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I Solution to the Dirac equation

  1. Mar 21, 2017 #1
    Hello!

    I have a question regarding the construction of solutions to the Diracequation for generell [itex] \vec{p} [/itex]. In my lecturenotes (and also in Itzykson/Zuber) it is stated that it is easier than boosting the restframe-solutions, to construct them by using [tex] (\gamma^{\mu}p_{\mu}+m)(\gamma^{\nu}p_{\nu}-m)=0 [/tex] But how does that help me? Why do I get the appropriate solution if I operate on the restfram-solution with the Diracoperator: [tex] u^{\alpha}(p)=\frac{1}{N}(\gamma^{\mu}p_{\mu}+m)u^{\alpha}(m,\vec{0})[/tex]
    Where [tex]
    u^{1}(m,\vec{0})=\left(\begin{array}{c}1\\0\\0\\0\end{array}\right) [/tex] and
    [tex] u^{2}(m,\vec{0})=\left(\begin{array}{c}0\\1\\0\\0\end{array}\right) [/tex]

    Thanks for your help!
     

    Attached Files:

  2. jcsd
  3. Mar 21, 2017 #2

    samalkhaiat

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    Let [itex]w(p)[/itex] be an arbitrary 4-component spinor. Now, using the dispersion relation [itex](p\!\!\!/ - m)(p\!\!\!/ + m) = 0[/itex] , you can easily show that [tex]u(p) = (p\!\!\!/ + m)w(p) ,[/tex] is a solution to the Dirac equation [itex](p\!\!\!/ - m)u(p) = 0[/itex] . Now take [tex]w(p) = \frac{1}{\sqrt{2m(E+m)}} u^{(\alpha)}(m,\vec{0}) \equiv \frac{1}{\sqrt{2m(E+m)}} \begin{pmatrix} \chi^{(\alpha)} \\ 0_{2} \end{pmatrix} ,[/tex] where [itex]\chi^{(1)} = \begin{pmatrix} 1 \\ 0 \end{pmatrix}[/itex], [itex]\chi^{(2)} = \begin{pmatrix} 0 \\ 1 \end{pmatrix}[/itex] and [itex]0_{2} = \begin{pmatrix} 0 \\ 0 \end{pmatrix}[/itex]. So, you have the following solutions [tex]u^{(\alpha)}(p) = \frac{1}{\sqrt{2m(E+m)}} \left( p\!\!\!/ + m \right) \begin{pmatrix} \chi^{(\alpha)} \\ 0_{2} \end{pmatrix} . \ \ \ \ (1)[/tex] In the Dirac representation, you have [tex]p\!\!\!/ + m = E \gamma^{0} - \vec{p} \cdot \vec{\gamma} + m I_{4} = \begin{pmatrix} (E+m)I_{2} & - \vec{p} \cdot \vec{\sigma} \\ \vec{p} \cdot \vec{\sigma} & - (E+m)I_{2} \end{pmatrix} .[/tex] Substituting this in (1) and doing the matrix multiplication, we get [tex]u^{(\alpha)}(p) = \frac{1}{\sqrt{2m(E+m)}} \begin{pmatrix} (E+m)\chi^{(\alpha)} \\ (\vec{p} \cdot \vec{\sigma}) \chi^{(\alpha)} \end{pmatrix} .[/tex]
     
  4. Mar 22, 2017 #3
    Thank you for your reply. But why can you assume that by mutliplying the restframe spinor by [tex] \frac{1}{\sqrt{2m(E+m)}} [/tex] gives you a spinor w(p) with arbitrary p?
     
  5. Mar 22, 2017 #4

    samalkhaiat

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    No, I did not assume such thing because it is not correct: Multiplying [itex]u_{\alpha}(m,\vec{0})[/itex] by a constant does not turn it into a spinor [itex]w(p)[/itex] with arbitrary [itex]p[/itex], because [itex]\psi[/itex] and [itex]c\psi[/itex] represent the same spinor. Okay, let me repeat what I did, and please pay attention to my logic.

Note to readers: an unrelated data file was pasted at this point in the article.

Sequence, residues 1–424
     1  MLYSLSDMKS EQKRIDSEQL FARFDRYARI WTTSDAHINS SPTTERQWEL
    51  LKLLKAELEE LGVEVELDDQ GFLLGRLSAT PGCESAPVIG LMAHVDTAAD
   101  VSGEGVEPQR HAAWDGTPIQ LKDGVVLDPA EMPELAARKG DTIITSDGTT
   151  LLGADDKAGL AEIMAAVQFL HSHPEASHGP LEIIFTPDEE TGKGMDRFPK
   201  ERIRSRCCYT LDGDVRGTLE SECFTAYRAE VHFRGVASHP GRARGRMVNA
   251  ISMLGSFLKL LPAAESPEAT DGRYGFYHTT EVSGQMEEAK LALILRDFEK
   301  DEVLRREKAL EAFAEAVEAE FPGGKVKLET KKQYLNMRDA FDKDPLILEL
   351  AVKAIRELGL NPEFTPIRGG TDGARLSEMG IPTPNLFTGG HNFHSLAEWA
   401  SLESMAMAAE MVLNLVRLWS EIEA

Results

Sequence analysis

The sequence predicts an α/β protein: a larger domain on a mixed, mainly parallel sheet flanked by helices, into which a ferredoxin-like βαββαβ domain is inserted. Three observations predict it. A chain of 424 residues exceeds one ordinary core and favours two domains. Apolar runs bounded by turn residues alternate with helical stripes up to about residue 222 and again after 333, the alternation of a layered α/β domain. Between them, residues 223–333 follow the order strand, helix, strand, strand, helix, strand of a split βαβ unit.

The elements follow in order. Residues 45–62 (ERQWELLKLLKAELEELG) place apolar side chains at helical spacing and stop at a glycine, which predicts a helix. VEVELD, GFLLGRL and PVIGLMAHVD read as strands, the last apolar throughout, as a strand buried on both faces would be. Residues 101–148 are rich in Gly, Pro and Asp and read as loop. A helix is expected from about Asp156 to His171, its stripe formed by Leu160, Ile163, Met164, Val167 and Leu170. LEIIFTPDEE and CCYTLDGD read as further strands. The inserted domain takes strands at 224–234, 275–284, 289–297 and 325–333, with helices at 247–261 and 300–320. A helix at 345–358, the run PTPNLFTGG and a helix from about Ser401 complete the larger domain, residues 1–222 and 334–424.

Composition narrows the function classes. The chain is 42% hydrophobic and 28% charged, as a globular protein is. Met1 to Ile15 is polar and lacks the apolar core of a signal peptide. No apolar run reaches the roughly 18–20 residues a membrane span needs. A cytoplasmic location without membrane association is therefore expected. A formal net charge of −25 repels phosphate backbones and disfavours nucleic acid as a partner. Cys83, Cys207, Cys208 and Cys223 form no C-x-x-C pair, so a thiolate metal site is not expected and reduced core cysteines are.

I said: let [itex]w(p)[/itex] be any (completely arbitrary) 4-component spinor. This statement means that we are free to choose [itex]w(p)[/itex] to be any spinor we like.

    Then, I used the dispersion relation and concluded that [tex]u(p) = (p\!\!\!/ + m) w(p) , \ \ \ \ \ \ \ \ \ \ \ (1)[/tex] solves the Dirac’s equation [itex](p\!\!\!/ - m)u(p) = 0[/itex] . Now, because [itex]w[/itex] (in Eq(1)) is arbitrary, we can choose it to be the rest-frame spinor [itex]u_{\beta}(m,\vec{0}) = \begin{pmatrix} \chi_{\beta} \\ 0 \end{pmatrix}[/itex]. After all, at this time, [itex]u_{\beta}(m,\vec{0})[/itex] is the only spinor we have in our pocket. So in Eq(1), instead of [itex]w(p)[/itex], I substituted the rest-frame spinor [itex]N u_{\beta}(m,\vec{0})[/itex] and obtained the solutions [tex]u_{\beta}(p) = N \begin{pmatrix} (E + m)\chi_{\beta} \\ (\vec{p} \cdot \vec{\sigma}) \chi_{\beta} \end{pmatrix} . \ \ \ \ \ (2)[/tex]

    Now in Eq(2), the 4-momentum [itex]p[/itex] does not have to be the rest-frame 4-momentum [itex](m , \vec{0})[/itex], and [itex]N[/itex] is some constant that we can choose to make our equations look nice. For example, if we insist on the normalization [itex]\bar{u}_{\alpha}(p) u_{\beta}(p) = \delta_{\alpha \beta}[/itex], we find (and I leave you to prove it) that [tex]N = \frac{e^{i\eta}}{\sqrt{2m(E+m)}} .[/tex]
     
  6. Mar 23, 2017 #5
    I am perfectly aware of what the word 'arbitrary' means und what a normalization constant is. Anyway, thanks for your time.
     
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